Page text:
Saint Francis needed a season opener, and needed that opponent to pay. Summey declined to say how much money Saint Francis expects yearly in guarantee games, but did say he usually tries to schedule about three, which would mean the school typically earns about $250,000 to $300,000 per year in road games against heavily favored opponents. The money goes to the athletic department, Summey said, and helps pay for non-revenue sports.
Guarantee games don’t always end in blowouts, but upset wins by small schools can come with a price. The buzz around the room Friday was that New Jersey Institute of Technology, which shocked Michigan in December, was having a hard time finding opponents for next season.
About halfway through the hour-long event, a man with a green “Nov. 30 – Dec. 6” sticker on his Portland Pilots track suit stood off in a corner by himself. Michael Wolf surveyed the crowd in frustration. He was coming up empty-handed.
“No one wants to travel,” said Wolf, 41, a Portland assistant in search of a home game on Dec. 5. “My D-Day,” he called it.
Portland has a modest budget for nonconference home games, Wolf said, but he’d spent it. He needed a home-and-home series with a team in their competition range. That meant Wolf would have two sets of negotiations – one with the opponent, and another with his head coach, who he’d need to convince the game was winnable.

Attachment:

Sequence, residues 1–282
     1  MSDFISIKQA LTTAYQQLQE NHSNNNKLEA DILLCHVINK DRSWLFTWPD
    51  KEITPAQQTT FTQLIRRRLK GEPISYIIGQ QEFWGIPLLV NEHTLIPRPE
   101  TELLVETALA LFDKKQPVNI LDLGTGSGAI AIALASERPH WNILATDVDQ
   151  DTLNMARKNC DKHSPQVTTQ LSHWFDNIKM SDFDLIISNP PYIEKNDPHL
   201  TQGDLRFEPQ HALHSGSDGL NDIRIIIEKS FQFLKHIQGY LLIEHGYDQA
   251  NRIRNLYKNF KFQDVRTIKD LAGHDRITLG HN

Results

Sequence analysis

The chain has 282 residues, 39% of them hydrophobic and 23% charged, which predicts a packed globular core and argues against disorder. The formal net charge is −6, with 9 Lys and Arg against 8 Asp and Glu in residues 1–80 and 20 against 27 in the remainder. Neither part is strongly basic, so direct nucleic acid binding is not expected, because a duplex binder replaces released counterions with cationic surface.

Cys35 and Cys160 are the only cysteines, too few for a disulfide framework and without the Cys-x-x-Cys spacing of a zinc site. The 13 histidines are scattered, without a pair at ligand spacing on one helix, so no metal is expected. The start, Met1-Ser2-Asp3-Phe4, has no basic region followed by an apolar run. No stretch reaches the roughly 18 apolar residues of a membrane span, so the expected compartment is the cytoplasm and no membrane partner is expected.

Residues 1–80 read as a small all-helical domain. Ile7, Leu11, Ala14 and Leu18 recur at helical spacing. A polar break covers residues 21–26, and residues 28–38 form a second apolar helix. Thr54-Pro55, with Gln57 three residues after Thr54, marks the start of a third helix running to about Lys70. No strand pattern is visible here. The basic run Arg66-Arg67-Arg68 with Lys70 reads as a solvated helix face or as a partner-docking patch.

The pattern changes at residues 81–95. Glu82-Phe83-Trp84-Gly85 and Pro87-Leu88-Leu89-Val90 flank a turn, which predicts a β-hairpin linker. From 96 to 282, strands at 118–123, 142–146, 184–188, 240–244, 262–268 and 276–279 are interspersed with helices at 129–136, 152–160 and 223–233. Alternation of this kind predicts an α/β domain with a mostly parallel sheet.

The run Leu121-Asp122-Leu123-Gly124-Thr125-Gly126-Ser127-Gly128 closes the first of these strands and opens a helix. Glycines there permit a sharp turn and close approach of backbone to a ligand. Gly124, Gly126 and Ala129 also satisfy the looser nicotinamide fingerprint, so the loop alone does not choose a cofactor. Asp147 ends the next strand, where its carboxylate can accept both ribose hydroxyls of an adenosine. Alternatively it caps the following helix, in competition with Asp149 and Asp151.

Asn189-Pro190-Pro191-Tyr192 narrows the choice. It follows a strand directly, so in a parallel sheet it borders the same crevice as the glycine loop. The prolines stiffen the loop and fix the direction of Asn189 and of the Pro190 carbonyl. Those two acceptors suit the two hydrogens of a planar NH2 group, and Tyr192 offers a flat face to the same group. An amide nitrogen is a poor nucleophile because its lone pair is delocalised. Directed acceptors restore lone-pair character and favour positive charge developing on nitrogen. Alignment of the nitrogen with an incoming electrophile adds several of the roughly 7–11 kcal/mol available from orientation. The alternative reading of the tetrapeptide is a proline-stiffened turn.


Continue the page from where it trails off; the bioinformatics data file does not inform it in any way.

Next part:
“It takes massaging on both ends,” Wolf said.
Home-and-home contracts have also become more problematic over the years, as some coaches have reneged after playing their home game.
“It’s been a nightmare,” said Gonzaga’s Krause. “We have gone from something like a non-appearance clause of $10,000 to $100,000, which is an indication of the difficulty of getting people to honor their contractual obligations.”
As the “speed-dating” event ended Friday, Wolf leaned against a wall, catching up with a colleague. He had found a school interested in a home-and-home, he said, but it wasn’t finalized until he had a signed contract.
“The ink is not dry yet,” he said.
The matchup between Iowa and Saint Francis was also uncertain. In response to a text message late Friday night, Saint Francis assistant Summey replied that, after a day of traveling, his head coach needed time to think about it.